The Senate is considering legislation intended to stimulate innovation through investments in physical sciences and engineering. The measure would seek to provide increased opportunities for elementary through graduate level science, technology, engineering and mathematics (STEM) education.

In this bipartisan effort, Majority Leader Harry Reid (D-NV) and Minority Leader Mitch McConnell (R-KY) with 41 cosponsors introduced S. 761, "The America COMPETES Act" (America Creating Opportunities to Meaningfully Promote Excellence in Technology, Education, and Science Act). "The America COMPETES Act" is similar to S. 3936, "The National Competitiveness Investment Act," introduced by former Majority Leader Bill Frist (R-TN), then Minority Leader Harry Reid (D-NV), and 40 others in September 2006. It also contains several sections derived from the "American Innovation and Competitiveness Act of 2006" (S. 2802) and the "Protecting America's Competitive Edge through Energy (PACE-E) Act of 2006" (S. 2197). "The America COMPETES Act" specifically addresses a number of recommendations made by the National Academies' in the 2006 "Rising Above the Gathering Storm Report," particularly with respect to education and research support.

Although "Rising Above the Gathering Storm" and the President's American Competitiveness Initiative emphasize boosting the physical sciences through increased support to the Department of Energy Office of Science, the National Institute for Standards and Technology core laboratories, and the National Science Foundation (NSF), "The America COMPETES Act" asserts that two other federal agencies also play a critical role in competitiveness and innovation: NASA and the National Oceanic and Atmospheric Administration (NOAA).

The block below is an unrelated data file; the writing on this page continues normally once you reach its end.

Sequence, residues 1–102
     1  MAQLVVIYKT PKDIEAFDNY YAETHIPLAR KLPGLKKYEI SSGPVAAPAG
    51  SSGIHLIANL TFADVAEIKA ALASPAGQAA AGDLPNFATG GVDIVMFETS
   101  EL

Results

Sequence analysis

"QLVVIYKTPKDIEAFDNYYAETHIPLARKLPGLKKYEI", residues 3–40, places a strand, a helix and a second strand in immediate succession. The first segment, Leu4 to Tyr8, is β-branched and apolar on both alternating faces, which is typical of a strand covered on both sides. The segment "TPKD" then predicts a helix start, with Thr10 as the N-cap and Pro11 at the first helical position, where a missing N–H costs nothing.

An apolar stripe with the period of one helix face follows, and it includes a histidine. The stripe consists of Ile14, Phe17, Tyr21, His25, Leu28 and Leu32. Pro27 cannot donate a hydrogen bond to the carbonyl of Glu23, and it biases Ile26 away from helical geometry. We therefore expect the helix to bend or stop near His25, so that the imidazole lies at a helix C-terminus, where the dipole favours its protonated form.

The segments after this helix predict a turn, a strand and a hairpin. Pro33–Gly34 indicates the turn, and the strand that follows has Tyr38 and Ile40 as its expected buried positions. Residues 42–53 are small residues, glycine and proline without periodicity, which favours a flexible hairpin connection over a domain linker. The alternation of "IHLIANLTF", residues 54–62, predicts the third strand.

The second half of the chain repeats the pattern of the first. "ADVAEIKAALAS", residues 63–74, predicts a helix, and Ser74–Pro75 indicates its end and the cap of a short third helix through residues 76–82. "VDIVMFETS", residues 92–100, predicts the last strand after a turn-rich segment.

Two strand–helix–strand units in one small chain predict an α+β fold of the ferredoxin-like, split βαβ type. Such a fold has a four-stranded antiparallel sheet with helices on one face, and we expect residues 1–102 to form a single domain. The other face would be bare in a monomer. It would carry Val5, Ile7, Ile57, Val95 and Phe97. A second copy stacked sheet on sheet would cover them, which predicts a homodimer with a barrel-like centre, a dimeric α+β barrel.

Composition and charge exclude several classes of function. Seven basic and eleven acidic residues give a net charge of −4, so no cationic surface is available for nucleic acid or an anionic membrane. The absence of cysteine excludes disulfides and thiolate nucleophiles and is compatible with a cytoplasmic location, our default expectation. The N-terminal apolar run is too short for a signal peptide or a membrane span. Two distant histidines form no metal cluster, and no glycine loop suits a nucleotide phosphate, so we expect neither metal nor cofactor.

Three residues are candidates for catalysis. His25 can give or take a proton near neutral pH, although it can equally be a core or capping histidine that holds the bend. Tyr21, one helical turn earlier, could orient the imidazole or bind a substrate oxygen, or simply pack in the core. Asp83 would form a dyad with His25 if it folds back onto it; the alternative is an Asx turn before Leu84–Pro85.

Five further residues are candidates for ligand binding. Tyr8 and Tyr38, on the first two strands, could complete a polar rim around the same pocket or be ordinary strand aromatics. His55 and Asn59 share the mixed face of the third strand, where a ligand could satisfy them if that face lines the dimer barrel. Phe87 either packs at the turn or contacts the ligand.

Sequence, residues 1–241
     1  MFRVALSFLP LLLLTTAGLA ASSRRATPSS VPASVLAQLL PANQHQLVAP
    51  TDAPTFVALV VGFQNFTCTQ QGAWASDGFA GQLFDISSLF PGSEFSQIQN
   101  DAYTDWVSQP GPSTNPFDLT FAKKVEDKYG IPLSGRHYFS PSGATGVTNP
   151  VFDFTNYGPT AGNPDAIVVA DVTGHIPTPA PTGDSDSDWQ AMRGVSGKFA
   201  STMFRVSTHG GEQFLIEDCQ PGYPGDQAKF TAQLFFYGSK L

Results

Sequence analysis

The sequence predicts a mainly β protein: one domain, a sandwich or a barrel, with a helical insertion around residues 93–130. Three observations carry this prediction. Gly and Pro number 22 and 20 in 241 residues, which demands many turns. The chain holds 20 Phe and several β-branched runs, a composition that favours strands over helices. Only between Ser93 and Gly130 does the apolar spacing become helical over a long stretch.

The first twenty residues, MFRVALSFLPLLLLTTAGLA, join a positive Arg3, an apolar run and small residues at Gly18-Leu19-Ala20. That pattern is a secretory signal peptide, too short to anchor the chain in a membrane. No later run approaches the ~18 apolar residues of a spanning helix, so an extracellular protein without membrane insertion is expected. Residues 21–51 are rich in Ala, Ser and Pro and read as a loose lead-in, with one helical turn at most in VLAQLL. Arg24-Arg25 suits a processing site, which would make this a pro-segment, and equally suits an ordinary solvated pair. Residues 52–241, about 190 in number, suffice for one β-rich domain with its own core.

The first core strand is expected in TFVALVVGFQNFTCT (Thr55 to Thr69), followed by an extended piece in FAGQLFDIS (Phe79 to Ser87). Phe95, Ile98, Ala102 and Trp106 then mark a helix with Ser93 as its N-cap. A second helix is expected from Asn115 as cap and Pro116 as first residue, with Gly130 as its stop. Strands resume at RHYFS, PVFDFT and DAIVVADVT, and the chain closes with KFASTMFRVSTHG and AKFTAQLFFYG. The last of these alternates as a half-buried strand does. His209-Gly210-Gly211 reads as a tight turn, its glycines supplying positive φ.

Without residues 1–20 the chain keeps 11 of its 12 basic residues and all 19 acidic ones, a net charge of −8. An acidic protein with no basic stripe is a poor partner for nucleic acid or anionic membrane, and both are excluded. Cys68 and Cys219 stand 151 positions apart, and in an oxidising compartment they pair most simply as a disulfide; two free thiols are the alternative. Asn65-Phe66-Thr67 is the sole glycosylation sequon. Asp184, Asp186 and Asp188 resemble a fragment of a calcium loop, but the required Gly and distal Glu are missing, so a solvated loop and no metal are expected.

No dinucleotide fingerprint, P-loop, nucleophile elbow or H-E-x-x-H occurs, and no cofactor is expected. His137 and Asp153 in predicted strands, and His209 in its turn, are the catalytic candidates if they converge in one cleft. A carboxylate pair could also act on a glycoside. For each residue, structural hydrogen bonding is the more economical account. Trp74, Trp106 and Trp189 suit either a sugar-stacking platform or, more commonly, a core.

"The America COMPETES Act" would require any executive agency that funds STEM research to allocate approximately 8 percent of its annual research budget to innovation acceleration research. To this end, S. 761 would specifically call for the Department of Energy to establish a competitive program to fund high-risk, high-reward extramural research.

The legislation would authorize appropriations for the NSF to double from a FY 2006 level of $5.6 billion to $11.2 billion in FY 2011. The NIST appropriations would be authorized to increase yearly from $703 million in FY 2008 to $937 million in FY 2011. Appropriations for the Department of Energy Office of Science would be authorized to increase annually from $3.6 billion in FY 2006 to $5.2 billion in FY 2011, setting the course for a budget doubling over the next ten years. The legislation would also require an increase of $160 million to NASA's FY 2008 basic research budget.

Across agencies, "The America COMPETES Act" would establish or expand a number of STEM-related education programs. For example, S. 761 would strengthen teacher training by establishing summer institutes for teachers and expanding the Robert Noyce Teacher Scholarship program to recruit and train math and science teachers in high-need local school districts. The legislation would provide assistance to states to establish math and science specialty schools, expand Advanced Placement and International Baccalaureate programs in math, science, and foreign languages, and create summer internships for middle and high school students.

 


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